I keep reading that if you drive the speed limit someone will run into you. I've been driving the speed limit for over 60 years and no one has ever run into me. Granted that for most of that time cell phones didn't exist.

marcustcohn | November 19, 2019

@murphys90D
Sounds like a plan - the initial departure is not an issue - charge to 90+ percent and heat the cabin really well. Then switch to seat heaters until the pilot hears from the passenger. If necessary slow down. At the next SC stop again heat the cabin really well and repeat. I also approve of driving at or very near the speed limit - on some previous group trips I took some flak from other drivers about driving 'at Marc 1' ha ha. From BH is got some great info as to the draw for cabin heating and I can turn that into rated miles so I have an educated guess as to when I heave enough battery to push on.

marcustcohn | November 20, 2019

This is from an email I got from Tesla in response to a cold weather question ----
"Below 0°C (internal battery temperature) the car will not begin to charge until the Battery warms up. Between 0°C and 20°C the car will still charge, but charging rates will be reduced"
They went on to say that warming the car was the best way to warm the battery. Hmm - is that better than driving ?
Zero C is 32 F so if the car sits out overnight it cannot charge until the battery warms ?

Bighorn | November 20, 2019

My understanding is that -4C is the threshold for charging for the Model 3. Not sure if it also applies to the S.
Warming the car will turn on the 6 kW battery heater at a certain threshold, 40F is my best recollection. That heater remains on while driving, so I think it’s accurate to say driving would be as or more effective than heating alone.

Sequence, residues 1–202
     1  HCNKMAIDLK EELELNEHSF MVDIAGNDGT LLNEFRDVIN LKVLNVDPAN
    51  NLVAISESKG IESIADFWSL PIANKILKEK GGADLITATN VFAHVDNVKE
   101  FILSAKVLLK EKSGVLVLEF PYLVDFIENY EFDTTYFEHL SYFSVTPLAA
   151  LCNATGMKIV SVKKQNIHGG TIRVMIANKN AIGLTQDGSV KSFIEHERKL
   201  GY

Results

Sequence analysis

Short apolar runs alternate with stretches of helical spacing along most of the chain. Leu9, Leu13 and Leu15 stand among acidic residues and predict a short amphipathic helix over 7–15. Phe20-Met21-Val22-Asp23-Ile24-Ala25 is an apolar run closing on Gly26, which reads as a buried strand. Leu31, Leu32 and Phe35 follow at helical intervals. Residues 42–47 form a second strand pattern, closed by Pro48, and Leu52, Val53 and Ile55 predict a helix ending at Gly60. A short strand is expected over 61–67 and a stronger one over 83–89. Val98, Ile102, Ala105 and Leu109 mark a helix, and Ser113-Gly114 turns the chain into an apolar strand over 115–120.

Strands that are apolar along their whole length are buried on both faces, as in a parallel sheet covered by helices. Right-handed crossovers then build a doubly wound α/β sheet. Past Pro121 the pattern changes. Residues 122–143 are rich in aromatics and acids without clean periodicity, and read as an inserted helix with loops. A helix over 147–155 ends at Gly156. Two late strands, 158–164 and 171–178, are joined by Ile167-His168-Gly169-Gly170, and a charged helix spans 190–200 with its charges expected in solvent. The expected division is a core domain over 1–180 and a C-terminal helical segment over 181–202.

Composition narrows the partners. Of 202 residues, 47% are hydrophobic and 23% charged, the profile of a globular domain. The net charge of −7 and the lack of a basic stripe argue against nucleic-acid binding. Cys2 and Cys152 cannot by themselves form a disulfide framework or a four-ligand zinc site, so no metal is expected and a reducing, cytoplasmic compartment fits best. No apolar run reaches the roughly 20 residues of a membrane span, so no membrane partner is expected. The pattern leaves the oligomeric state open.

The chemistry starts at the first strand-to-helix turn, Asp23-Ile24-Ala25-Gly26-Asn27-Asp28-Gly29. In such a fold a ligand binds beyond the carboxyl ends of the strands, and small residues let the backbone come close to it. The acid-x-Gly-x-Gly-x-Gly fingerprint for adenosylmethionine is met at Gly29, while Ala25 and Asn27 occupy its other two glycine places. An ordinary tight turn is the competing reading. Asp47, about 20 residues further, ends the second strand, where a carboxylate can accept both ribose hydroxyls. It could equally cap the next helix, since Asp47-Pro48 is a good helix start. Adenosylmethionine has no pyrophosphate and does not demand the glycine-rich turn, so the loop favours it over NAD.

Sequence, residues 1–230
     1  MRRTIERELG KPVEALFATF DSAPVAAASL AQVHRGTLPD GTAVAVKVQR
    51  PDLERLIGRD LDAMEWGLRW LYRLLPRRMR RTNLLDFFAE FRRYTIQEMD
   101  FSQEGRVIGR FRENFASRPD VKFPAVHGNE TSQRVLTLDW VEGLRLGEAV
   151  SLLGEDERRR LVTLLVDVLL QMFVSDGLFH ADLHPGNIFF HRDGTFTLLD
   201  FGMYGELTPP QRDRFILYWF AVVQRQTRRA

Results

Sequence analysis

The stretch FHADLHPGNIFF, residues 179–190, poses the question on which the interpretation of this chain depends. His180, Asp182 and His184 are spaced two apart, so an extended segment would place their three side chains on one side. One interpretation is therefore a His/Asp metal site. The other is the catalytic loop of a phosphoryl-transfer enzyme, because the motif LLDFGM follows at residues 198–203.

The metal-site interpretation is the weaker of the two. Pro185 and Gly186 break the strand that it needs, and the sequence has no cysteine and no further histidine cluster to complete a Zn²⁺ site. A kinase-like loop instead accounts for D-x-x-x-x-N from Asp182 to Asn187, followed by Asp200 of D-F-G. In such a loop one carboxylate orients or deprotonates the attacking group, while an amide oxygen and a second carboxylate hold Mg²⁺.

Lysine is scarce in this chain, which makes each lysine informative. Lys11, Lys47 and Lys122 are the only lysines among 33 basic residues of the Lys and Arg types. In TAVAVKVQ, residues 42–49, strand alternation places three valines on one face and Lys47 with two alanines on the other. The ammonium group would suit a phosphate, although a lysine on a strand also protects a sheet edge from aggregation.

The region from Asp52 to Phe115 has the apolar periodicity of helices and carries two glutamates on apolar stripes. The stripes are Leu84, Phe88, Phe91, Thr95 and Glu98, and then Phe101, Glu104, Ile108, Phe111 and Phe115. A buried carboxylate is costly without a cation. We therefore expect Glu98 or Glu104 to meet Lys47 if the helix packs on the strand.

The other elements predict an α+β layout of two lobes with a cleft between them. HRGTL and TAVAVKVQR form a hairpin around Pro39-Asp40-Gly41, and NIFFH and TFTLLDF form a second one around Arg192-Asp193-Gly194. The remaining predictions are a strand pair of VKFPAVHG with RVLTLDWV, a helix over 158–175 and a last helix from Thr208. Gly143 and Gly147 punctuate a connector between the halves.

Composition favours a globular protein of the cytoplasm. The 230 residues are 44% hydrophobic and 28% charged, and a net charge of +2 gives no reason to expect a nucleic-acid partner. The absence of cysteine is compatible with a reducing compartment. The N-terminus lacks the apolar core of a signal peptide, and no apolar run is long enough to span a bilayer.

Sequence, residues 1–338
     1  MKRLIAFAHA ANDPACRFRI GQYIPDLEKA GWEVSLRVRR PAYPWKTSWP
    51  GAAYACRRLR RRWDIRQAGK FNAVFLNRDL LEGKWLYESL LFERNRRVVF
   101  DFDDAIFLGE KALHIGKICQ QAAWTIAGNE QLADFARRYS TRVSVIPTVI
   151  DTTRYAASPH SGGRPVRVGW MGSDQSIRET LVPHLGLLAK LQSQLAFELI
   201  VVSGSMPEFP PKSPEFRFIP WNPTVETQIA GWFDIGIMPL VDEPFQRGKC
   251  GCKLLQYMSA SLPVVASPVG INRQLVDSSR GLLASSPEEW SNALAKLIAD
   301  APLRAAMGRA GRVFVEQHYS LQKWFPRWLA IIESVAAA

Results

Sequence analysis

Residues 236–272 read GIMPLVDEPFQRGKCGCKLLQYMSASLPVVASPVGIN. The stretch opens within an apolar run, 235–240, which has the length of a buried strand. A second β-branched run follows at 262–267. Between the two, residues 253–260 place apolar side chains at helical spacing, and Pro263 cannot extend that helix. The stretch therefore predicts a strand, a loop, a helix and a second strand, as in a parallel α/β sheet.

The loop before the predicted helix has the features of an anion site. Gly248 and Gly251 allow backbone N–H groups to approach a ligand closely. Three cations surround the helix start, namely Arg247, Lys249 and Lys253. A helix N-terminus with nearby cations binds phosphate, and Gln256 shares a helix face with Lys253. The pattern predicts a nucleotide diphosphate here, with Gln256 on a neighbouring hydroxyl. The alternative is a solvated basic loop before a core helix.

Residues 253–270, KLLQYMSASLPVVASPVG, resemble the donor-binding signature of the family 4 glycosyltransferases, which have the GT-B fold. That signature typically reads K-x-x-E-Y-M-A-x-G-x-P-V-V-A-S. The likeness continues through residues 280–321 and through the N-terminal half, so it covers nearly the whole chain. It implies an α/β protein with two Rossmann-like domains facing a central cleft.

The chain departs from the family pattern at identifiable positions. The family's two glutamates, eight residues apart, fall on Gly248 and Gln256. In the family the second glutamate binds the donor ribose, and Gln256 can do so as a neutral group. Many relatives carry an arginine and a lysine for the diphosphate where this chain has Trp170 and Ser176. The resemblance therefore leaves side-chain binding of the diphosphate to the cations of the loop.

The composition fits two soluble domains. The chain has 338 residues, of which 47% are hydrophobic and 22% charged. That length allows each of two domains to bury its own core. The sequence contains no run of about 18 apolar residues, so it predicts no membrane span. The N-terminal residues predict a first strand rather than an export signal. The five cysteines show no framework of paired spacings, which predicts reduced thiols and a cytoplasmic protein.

Whether the battery cold soaks to 0C overnight in that ambient temperature would depend on when the car was last driven and how warm the battery was when parked.

Tdreamer | November 20, 2019

My use case on this topic is towards the end of the day while my Model X has been parked outside in cold weather I wan't to ensure I have regen for my short 6 mile commute home (Sept '17 pre-raven). If charging is available at work, I'll do so in the afternoon to have that warm the battery. But a recent rapid influx of EVs/PHEVS means there is frequent contention for that charging, and I find it hard to justify plugging in just to have regen. So....

Today about thirty minutes before planned departure I remotely turned on the cabin heat @ 75F (outside temp was about 39F). Wanting to ensure the battery was warm, I then turned on the max defrost option for good measure. One hour later I headed to the car and checked the app: inside temp 106F and max defrost still cranking! Over the course of the day I used 21.24 kWh and lost 65 rated miles in range (almost entirely during this warm-up process).

The regen was great on the way home though.

Greengen | December 3, 2019

When I updated to v 10 the batt temp Guage on the dash has disappeared when in ludicrous mode.
As the auto batt heater never works until really cold so I have virtually no regeneration for many of my winter drives. I used the ludicrous mode to preheat battery while plugged in, I would wait tI'll it got to at least 20 deg , now I have no idea what temp it is and don't want to heat it to 40c .
We should to be able to turn it on from the phone app.
Pre heating batt before I unplug when I am taking long drives in the winter is very useful and should be a simple update to activate and set a temp from the app.
Why did they remove the temp indicator??

Greengen | December 3, 2019

When I updated to v 10 the batt temp Guage on the dash has disappeared when in ludicrous mode.
As the auto batt heater never works until really cold so I have virtually no regeneration for many of my winter drives. I used the ludicrous mode to preheat battery while plugged in, I would wait tI'll it got to at least 20 deg , now I have no idea what temp it is and don't want to heat it to 40c .
We should to be able to turn it on from the phone app.
Pre heating batt before I unplug when I am taking long drives in the winter is very useful and should be a simple update to activate and set a temp from the app.
Why did they remove the temp indicator??